The U.S. National Market Place provides insurance options and price comparisons.  In addition, your state may have its own resources.  Most plans are income based with varying options for deductible plans that include Preferred Provider Organization (PPO)/Health Maintenance Organization (HMO)/Exclusive Provider Organization (EPO)/Point of Service (POS).  Throughout my years as a contractor I have purchased Health and Dental insurance from the Massachusetts Health Connector. I am the breadwinner in my family and had to be sure I could provide health, dental and vision insurance for my family. The landscape for insurance is ever-changing; be sure to do your research to figure out the available options in your state and on a federal level. The best part was the education, I was able to select the plan for my family’s needs. You can decide if you want to have a high deductible plan because you are young and don’t visit the doctor except for your annual physical, or if you would rather select an all-encompassing HMO where you do not have to pay as much out of pocket when visiting the doctor; but your monthly cost may be higher, it’s hard to place a dollar amount on peace of mind. 

Be sure to retain all documentation for your taxes to be able to share with your accountant or provide on your tax forms. These expenses are helpful in reducing your taxable income.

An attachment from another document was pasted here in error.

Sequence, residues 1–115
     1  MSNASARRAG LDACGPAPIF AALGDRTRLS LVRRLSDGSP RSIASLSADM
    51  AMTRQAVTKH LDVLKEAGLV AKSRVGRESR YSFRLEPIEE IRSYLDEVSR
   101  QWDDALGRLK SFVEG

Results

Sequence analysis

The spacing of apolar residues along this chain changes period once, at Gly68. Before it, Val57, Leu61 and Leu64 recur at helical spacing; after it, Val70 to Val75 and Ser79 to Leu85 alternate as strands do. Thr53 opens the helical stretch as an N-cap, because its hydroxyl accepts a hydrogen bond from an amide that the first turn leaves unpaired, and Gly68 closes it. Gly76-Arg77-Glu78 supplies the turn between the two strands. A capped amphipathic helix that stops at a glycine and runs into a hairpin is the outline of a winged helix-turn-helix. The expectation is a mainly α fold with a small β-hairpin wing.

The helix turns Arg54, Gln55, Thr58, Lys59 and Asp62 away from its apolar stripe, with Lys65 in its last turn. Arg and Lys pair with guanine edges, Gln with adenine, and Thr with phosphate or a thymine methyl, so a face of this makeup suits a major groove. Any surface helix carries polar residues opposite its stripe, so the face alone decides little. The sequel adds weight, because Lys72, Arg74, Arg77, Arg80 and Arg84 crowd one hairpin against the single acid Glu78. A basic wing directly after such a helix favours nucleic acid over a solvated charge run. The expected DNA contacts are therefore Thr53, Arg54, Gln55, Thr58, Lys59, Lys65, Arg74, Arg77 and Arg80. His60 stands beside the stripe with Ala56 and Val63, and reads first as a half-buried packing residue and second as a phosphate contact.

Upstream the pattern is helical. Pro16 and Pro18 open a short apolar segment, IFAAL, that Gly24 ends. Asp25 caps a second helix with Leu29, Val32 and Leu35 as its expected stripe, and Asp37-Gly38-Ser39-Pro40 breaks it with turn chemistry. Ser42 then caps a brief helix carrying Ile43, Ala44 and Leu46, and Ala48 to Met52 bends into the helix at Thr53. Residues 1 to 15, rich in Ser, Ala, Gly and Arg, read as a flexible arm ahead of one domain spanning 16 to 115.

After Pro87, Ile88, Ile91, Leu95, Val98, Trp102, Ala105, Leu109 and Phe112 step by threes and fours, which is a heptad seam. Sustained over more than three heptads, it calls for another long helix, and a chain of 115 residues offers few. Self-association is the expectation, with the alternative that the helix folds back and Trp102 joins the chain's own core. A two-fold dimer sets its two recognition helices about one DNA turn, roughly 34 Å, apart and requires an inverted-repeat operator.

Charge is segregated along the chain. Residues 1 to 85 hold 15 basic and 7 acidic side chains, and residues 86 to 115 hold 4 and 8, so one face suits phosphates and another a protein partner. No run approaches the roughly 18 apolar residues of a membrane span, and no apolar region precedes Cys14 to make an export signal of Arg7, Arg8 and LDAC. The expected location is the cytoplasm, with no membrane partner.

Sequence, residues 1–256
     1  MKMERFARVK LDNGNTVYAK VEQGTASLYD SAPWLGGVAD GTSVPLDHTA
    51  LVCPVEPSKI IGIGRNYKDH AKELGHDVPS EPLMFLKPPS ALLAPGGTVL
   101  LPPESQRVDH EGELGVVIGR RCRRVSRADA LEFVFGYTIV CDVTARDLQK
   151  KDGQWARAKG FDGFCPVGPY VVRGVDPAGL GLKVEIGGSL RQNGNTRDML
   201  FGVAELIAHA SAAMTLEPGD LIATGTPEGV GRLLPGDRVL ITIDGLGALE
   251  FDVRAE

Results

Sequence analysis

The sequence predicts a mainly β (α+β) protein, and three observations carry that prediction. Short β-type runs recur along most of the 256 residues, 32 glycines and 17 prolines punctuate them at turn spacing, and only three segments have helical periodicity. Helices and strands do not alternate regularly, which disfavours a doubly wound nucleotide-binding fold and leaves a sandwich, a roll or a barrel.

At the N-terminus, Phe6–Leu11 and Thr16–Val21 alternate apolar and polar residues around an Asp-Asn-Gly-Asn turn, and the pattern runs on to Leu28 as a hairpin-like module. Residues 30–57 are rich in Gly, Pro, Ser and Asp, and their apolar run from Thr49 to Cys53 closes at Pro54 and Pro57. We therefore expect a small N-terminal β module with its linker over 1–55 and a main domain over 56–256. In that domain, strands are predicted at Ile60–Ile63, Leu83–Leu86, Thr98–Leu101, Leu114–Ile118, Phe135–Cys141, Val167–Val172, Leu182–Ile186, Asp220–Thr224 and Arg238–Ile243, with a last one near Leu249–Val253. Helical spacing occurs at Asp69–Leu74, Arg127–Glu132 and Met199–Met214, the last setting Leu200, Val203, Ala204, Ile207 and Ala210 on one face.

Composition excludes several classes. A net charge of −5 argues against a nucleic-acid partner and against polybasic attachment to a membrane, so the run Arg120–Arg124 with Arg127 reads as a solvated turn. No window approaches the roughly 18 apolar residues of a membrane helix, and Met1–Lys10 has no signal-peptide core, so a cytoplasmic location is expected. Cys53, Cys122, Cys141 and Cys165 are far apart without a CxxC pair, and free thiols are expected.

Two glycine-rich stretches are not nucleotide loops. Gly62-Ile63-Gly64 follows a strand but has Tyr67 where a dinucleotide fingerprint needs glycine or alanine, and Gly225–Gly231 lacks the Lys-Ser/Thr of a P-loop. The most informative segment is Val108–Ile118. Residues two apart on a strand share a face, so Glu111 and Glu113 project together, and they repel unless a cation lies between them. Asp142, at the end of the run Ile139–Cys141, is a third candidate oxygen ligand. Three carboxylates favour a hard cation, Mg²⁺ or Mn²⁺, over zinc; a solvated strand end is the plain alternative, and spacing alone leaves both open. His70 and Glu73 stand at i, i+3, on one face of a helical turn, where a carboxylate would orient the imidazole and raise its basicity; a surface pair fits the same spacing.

In 2019 the U.S. government removed the penalty for not having healthcare insurance. Taxpayers are not required to provide coverage documentation on federal tax forms, although it is always a good idea to retain evidence of healthcare coverage for your records. If you are moving to a different state or country, be sure to research your new location’s requirements for healthcare insurance.

Life Insurance – Accidental Death and Dismemberment (AD&D), Short- and Long-Term Disability Insurance. Think of the type of healthcare and insurance you would traditionally receive from an employer.  Which of these types of insurance do you need or want as a contractor?  The American Automobile Association (AAA) offers some affordable life insurance options if you are a member. The Small Business Administration (SBA) also offers group rates if you have formed a company – check into your local chapter. This is a crowd-sourcing option for some benefits that you can buy into with other small businesses to obtain a reasonable rate. Life insurance should be a very personal consideration. I have always enjoyed the advice of Dave Ramsey who taught me the difference between term and whole life insurance. Ask your insurance provider for advice on all insurance you feel that you need for you and your family.